From the publisher:
Translated, with an introduction, by Peter Consenstein
Written by a mathematician, a poet, and a mathematician-poet (two of them foundational members of the Oulipo), this 1969 guide to the ancient Japanese game of go was not just the first such guide to be published in France (and thereby introducing the centuries-old game of strategy into France), but something of a subtle Oulipian guidebook to writing strategies and tactics. Go A User's Manual, or how a set of simple rules and constraints can lead not only to infinite complexities, but also an endless array of writing strategies and bad puns.
As in the Oulipian strategy of writing under constraint, the role of structured gameplay (within literature and without) proves to be of primordial importance: a means of moving outside an inherent system, of instigating new figures of style and meaning, new paths toward collaboration, and new strategies for filling a space: be it the space of a terrain, a blank page, a white screen, or a freshly stretched canvas.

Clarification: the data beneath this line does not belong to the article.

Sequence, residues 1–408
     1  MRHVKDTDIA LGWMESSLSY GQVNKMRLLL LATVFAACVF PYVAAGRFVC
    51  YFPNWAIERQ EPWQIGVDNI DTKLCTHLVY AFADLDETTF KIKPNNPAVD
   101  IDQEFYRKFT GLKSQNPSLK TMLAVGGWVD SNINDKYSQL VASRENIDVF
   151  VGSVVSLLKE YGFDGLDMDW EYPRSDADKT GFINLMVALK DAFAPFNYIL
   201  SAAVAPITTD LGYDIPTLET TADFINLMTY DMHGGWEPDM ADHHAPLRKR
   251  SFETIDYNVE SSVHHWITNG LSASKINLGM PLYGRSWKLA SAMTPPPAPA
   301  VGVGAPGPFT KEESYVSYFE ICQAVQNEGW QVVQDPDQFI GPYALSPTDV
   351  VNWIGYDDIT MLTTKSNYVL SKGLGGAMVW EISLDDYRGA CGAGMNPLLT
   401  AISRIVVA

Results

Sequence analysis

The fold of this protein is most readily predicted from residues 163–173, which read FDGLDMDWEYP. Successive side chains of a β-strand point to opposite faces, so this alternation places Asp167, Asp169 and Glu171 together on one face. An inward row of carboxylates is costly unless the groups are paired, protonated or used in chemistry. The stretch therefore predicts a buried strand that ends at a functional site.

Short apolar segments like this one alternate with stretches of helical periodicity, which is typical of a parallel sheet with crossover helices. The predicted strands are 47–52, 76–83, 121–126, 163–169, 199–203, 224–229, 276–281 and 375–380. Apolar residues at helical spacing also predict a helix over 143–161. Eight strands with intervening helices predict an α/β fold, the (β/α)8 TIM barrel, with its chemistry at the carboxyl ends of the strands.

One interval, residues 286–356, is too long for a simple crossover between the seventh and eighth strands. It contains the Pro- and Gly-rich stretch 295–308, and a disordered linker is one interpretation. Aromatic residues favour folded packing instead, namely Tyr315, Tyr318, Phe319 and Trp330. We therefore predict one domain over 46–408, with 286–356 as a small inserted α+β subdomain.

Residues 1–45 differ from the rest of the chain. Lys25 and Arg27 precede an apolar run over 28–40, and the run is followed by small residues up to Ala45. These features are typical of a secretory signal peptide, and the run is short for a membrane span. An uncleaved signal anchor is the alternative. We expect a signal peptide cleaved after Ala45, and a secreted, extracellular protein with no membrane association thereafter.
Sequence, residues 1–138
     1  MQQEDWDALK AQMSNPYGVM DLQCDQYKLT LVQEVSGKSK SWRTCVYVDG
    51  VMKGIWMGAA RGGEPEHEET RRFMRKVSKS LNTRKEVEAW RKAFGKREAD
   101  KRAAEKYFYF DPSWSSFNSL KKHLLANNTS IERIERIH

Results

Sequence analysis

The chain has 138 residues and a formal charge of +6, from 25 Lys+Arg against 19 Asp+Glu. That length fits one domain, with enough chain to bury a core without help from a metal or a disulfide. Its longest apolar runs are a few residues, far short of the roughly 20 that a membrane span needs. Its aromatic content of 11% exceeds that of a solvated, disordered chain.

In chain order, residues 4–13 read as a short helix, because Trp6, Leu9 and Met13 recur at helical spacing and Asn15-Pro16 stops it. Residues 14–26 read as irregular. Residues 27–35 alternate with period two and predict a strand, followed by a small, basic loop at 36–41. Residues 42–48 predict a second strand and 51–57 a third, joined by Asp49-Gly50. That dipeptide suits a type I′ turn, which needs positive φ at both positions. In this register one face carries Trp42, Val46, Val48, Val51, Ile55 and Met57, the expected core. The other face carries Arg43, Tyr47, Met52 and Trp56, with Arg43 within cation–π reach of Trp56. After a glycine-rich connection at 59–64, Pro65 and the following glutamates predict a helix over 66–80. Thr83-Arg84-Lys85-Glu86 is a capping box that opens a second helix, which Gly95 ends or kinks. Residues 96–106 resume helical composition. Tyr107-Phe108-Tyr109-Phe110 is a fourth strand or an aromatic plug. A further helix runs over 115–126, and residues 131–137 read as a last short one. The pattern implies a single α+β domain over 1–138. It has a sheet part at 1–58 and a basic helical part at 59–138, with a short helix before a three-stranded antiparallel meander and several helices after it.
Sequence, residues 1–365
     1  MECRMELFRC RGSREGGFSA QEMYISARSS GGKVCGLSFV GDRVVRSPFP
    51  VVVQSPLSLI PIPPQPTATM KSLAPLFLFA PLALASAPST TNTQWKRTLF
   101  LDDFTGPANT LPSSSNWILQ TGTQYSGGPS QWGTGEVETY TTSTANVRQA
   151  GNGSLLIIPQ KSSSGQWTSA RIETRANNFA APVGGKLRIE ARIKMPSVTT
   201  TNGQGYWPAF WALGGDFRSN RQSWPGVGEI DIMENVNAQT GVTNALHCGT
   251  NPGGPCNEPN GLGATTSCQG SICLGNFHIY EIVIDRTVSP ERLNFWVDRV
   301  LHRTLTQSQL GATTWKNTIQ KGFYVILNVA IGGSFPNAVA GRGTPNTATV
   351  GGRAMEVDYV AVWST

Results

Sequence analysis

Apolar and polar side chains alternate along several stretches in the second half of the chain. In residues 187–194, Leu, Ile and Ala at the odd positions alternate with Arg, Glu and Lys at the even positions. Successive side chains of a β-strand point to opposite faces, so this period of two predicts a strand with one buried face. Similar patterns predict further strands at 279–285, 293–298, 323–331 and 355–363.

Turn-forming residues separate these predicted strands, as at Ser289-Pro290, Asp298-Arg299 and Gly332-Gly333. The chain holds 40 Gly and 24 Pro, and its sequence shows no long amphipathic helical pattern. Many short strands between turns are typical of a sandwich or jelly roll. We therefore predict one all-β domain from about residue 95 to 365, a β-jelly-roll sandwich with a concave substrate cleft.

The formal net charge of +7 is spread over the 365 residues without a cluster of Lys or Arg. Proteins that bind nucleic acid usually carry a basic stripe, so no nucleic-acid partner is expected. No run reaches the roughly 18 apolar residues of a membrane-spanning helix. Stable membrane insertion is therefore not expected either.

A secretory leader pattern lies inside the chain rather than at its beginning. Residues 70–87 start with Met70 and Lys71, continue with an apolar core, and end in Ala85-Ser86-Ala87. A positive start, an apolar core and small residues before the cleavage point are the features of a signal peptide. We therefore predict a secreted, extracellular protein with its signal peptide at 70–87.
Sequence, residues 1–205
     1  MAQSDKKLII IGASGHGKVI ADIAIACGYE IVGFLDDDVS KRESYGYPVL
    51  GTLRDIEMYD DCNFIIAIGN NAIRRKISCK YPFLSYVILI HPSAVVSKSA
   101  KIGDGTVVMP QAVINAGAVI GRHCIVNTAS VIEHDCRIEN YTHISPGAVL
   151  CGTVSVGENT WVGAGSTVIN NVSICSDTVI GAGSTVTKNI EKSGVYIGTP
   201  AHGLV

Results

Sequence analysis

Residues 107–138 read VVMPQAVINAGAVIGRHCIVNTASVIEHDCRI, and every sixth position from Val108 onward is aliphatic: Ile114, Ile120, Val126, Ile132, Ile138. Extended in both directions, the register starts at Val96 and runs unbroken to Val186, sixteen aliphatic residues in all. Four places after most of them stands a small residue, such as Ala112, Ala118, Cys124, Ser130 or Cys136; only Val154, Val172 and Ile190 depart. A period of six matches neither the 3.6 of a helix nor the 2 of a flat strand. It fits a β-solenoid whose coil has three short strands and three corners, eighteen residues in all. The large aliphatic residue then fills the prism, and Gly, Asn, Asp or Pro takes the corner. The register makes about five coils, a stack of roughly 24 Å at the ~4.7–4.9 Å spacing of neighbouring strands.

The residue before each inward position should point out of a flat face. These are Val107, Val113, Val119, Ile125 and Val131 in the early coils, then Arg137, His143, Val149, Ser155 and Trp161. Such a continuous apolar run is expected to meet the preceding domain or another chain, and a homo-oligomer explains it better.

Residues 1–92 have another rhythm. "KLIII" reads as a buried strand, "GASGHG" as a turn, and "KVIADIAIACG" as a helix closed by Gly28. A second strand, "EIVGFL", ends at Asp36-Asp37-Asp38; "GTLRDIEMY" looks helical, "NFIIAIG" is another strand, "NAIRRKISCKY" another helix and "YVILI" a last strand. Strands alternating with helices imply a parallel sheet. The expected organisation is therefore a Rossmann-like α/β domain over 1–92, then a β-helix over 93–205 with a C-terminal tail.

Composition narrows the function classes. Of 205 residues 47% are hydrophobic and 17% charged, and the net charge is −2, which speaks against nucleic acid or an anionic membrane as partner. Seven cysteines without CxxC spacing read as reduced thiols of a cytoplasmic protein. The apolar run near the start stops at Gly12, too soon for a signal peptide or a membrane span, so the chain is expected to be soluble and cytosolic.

This treatise outlines the history of Go, the rules for playing it, some central tactics and strategies for playing it and overcoming the threats posed by an opponent, general information and trivia, and a glossary that ranges from Atari (check) to Yose (the end of a match).
“Chess is indeed a war, but an institutionalized, regulated, coded war, with a front, a rear, battles. But what is proper to Go is war without battle lines, with neither confrontation nor retreat, without battles even: pure strategy, whereas chess is a semiology.”—Gilles Deleuze and Félix Guattari
“[T]his is no ordinary how-to manual. Nothing is quite what it seems, yet everything is eminently functional. It uses forgery and gossip, strategic theory and irony, adolescent puns and an obsessive love of gaming life that makes the digital tribalists look like cobwebbed sansabelts in comparison. […] To make Oulipoian jokes translatable is a labor equal to that of making the rules and philosophy of Go graspable for the layman. For this beautiful Wakefield Press edition, translator Peter Consenstein has done both with the skill and soul of a Hayashi, Inoue, or Mutabzija.” —Martin Billheimer, Counterpunch
256 pages. 4.5" x 7". Softcover.